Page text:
The Ministry of National Defense should work to forecast developments in modern warfare before revising military training programs, a military expert said, as a plan to extend conscription is expected to be finalized by President Tsai Ing-wen (蔡英文) this week.
The ministry has been deliberating whether to extend conscription to one year from four months in response to increasing Chinese military threats, but it has so far not announced any details of the plan.
Institute for National Defense and Security Research postdoctoral researcher Hsu Chih-hsiang (許智翔) on Saturday said that Taiwan’s armed forces have recently updated their weaponry and equipment, adding that infantry training schedules have also been updated.
Photo: Ritchie B. Tongo, EPA-EFE
Rifle-firing exercises now also include shooting in kneeling and standing positions, in addition to shooting in prone position, he said.
New conscripts fire more bullets during training than previously conscripted service members, he added.
However, the number of bullets fired should be further increased, as “it takes a lot of practice to gain specialization,” he said.
The focus of conscript training is on infantry skills, resulting in a lack of other skills among reserve forces, he said, adding that specialization requires more extensive small-unit training.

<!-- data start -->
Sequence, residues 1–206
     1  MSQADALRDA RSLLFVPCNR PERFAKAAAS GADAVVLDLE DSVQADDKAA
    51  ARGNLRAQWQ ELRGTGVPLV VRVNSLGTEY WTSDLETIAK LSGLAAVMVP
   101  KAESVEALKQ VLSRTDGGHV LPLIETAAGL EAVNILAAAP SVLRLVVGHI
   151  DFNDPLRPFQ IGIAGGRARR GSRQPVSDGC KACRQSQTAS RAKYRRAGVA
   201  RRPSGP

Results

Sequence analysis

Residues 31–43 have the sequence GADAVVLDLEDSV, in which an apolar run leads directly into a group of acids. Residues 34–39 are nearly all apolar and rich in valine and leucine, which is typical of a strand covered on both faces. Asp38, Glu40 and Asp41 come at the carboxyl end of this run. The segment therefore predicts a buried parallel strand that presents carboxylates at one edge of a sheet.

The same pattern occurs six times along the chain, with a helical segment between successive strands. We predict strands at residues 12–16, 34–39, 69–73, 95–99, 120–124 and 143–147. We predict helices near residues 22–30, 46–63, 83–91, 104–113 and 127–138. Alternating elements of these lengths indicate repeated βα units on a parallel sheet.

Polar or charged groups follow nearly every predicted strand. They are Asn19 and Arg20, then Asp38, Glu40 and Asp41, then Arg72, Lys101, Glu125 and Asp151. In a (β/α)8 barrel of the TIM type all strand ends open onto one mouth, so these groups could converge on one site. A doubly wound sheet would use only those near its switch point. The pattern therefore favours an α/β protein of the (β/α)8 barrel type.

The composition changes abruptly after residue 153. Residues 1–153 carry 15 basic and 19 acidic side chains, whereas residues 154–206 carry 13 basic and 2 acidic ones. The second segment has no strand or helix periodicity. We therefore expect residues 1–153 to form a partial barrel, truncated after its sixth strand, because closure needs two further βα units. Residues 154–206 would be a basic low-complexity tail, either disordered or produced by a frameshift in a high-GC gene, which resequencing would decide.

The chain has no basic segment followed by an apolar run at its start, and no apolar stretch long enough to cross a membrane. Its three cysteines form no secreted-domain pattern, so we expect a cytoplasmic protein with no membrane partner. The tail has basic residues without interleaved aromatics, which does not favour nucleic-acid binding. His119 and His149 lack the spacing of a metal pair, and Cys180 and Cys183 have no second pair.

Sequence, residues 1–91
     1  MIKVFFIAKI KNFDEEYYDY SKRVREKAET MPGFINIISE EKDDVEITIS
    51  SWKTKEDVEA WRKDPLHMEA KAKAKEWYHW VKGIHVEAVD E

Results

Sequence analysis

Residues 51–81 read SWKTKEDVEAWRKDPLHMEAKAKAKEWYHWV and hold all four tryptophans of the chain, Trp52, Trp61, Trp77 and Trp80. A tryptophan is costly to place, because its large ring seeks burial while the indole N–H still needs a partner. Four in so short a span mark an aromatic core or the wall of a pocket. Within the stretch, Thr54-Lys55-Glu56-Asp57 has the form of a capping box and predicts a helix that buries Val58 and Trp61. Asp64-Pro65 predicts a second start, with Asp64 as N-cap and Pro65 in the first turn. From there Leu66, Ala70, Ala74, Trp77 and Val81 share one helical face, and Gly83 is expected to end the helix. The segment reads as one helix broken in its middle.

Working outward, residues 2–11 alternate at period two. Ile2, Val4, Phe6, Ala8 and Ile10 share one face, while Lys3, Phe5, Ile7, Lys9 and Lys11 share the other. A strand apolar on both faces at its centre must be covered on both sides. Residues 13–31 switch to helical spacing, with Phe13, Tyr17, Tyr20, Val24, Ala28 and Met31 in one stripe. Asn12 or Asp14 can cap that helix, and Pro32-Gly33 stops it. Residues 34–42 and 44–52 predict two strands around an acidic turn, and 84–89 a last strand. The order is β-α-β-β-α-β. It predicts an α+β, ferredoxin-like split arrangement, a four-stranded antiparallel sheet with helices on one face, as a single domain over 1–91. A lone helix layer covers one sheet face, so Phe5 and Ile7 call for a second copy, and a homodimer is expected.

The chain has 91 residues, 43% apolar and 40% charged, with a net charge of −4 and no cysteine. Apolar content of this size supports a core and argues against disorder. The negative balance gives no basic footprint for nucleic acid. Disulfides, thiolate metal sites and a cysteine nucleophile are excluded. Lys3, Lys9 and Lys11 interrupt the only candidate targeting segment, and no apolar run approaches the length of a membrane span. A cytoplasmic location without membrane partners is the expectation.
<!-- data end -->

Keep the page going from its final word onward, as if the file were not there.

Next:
Retired army general Richard Hu (胡瑞舟) said that “traditional training does not have to be in contradiction with modern training.”
Bayonet drills are often seen as outdated, but the US Army used bayonets in the wars in Afghanistan and Iraq to fight at close quarters, said Hu, who is deputy director of National Chengchi University’s Taiwan Center for Security Studies.
The time allotted for each exercise is most important, he said, adding that the focus should be on thorough training instead of assigning conscripts to do chores.
Hsu echoed the retired general in his assessment.
Urban warfare is a crucial part of defense strategies, Hsu said, adding that it is necessary to draw up training materials that focus on rifle-firing, hand-to-hand combat techniques and practical bayonet skills.
After conscripts are discharged, weapon training and small-unit tactical training should be the focus of regular exercises, he said.
“Agile small units are of utmost importance,” as such units might need to operate largely independently in wartime, when effective top-down communication might not always be possible, he said.
When there are multiple lines of operation on a battlefield, units have to be agile enough to carry out military actions, he said.
Aside from concrete exercises, “the core question is what is the armed forces’ vision of the future battlefield,” Hsu said, adding that training programs and equipment procurement should based on that vision.
The ministry should pay attention to developments in modern warfare, Hsu said.
For example, Taiwan can learn lessons from Ukraine’s efforts to defend itself amid the ongoing Russian invasion, he said.
Taiwan should adopt tactics that are successfully used by Ukrainian forces, Hsu added.
The ministry’s two most recent defense reports did not reflect trends in modern warfare and how to defend against an enemy deploying such tactics, he said.
Taiwan should improve its approach in a timely manner, as it would otherwise be in an extremely disadvantageous position if it is attacked, he added.
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